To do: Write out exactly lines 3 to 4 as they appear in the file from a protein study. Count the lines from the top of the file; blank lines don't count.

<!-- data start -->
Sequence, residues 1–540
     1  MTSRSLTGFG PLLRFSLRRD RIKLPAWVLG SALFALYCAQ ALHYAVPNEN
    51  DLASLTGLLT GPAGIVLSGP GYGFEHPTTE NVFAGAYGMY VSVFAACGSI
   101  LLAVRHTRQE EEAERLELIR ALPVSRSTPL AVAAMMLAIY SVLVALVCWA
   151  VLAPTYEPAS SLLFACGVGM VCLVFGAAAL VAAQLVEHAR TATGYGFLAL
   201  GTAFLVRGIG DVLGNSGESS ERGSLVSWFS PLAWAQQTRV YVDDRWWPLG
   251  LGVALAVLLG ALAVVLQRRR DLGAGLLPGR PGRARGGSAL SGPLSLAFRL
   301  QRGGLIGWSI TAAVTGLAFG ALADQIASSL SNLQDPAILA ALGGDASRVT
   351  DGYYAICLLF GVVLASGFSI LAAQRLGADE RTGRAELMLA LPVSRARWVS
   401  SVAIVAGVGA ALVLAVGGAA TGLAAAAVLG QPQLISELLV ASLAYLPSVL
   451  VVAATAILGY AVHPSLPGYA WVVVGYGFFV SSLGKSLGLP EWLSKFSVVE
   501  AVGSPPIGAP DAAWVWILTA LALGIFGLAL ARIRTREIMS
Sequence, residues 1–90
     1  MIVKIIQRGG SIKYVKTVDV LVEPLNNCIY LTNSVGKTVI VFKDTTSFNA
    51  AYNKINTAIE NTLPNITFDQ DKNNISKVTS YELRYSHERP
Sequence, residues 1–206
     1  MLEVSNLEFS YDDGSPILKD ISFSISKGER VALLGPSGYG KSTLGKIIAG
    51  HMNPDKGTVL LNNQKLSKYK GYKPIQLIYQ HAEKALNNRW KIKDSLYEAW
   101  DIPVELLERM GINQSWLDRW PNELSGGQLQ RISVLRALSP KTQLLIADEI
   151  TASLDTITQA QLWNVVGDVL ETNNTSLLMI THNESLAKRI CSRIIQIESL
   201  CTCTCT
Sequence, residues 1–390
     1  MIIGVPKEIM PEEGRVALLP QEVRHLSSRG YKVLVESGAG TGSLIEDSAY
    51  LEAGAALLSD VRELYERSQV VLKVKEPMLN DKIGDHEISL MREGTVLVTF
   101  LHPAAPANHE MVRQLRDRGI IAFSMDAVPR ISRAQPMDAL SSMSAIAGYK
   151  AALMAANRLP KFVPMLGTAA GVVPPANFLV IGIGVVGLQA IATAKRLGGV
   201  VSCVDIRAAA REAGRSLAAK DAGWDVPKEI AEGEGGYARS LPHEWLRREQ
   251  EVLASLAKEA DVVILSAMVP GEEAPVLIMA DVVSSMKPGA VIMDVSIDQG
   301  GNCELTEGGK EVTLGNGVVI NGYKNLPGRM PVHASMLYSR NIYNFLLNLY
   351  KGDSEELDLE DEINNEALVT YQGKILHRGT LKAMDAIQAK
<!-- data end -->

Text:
    51  DLASLTGLLT GPAGIVLSGP GYGFEHPTTE NVFAGAYGMY VSVFAACGSI
   101  LLAVRHTRQE EEAERLELIR ALPVSRSTPL AVAAMMLAIY SVLVALVCWA